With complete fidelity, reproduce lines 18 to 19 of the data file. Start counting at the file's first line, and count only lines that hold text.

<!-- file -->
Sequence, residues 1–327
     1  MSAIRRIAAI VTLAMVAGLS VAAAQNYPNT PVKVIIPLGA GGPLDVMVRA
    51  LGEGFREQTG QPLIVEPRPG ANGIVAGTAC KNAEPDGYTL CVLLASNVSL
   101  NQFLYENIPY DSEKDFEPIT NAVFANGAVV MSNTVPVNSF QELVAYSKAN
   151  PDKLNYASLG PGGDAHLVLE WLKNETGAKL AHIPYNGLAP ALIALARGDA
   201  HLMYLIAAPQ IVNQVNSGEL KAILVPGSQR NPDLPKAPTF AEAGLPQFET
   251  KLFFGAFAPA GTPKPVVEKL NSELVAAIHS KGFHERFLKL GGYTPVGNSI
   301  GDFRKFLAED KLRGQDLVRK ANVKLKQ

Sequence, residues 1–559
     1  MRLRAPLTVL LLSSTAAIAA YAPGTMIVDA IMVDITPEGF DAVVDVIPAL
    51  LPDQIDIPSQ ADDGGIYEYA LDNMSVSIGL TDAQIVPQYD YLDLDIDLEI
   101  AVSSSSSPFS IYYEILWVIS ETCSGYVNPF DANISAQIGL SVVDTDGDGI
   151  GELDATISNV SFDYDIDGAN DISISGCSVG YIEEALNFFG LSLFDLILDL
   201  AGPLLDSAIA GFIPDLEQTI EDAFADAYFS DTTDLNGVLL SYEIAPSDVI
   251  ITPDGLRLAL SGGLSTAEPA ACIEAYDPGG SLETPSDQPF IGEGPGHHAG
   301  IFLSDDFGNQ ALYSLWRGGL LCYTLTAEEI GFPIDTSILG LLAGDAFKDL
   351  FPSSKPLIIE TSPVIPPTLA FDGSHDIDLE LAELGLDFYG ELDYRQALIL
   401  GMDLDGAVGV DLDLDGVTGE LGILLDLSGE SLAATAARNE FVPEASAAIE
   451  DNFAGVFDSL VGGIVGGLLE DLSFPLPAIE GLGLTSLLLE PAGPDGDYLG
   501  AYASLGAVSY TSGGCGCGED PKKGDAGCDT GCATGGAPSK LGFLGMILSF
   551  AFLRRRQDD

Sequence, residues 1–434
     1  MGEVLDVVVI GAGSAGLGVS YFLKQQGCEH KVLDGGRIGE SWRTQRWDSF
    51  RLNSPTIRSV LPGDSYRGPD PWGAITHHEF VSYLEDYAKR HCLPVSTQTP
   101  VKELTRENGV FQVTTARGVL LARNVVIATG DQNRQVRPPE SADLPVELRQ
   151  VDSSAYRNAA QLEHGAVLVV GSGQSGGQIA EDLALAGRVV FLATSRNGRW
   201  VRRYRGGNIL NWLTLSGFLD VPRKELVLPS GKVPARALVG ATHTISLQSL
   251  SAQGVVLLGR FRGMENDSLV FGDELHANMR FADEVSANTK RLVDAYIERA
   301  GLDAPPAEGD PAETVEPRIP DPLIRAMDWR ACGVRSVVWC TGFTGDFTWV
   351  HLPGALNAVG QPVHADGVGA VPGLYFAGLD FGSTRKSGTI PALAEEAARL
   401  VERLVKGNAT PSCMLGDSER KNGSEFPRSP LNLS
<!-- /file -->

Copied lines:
   401  GMDLDGAVGV DLDLDGVTGE LGILLDLSGE SLAATAARNE FVPEASAAIE
   451  DNFAGVFDSL VGGIVGGLLE DLSFPLPAIE GLGLTSLLLE PAGPDGDYLG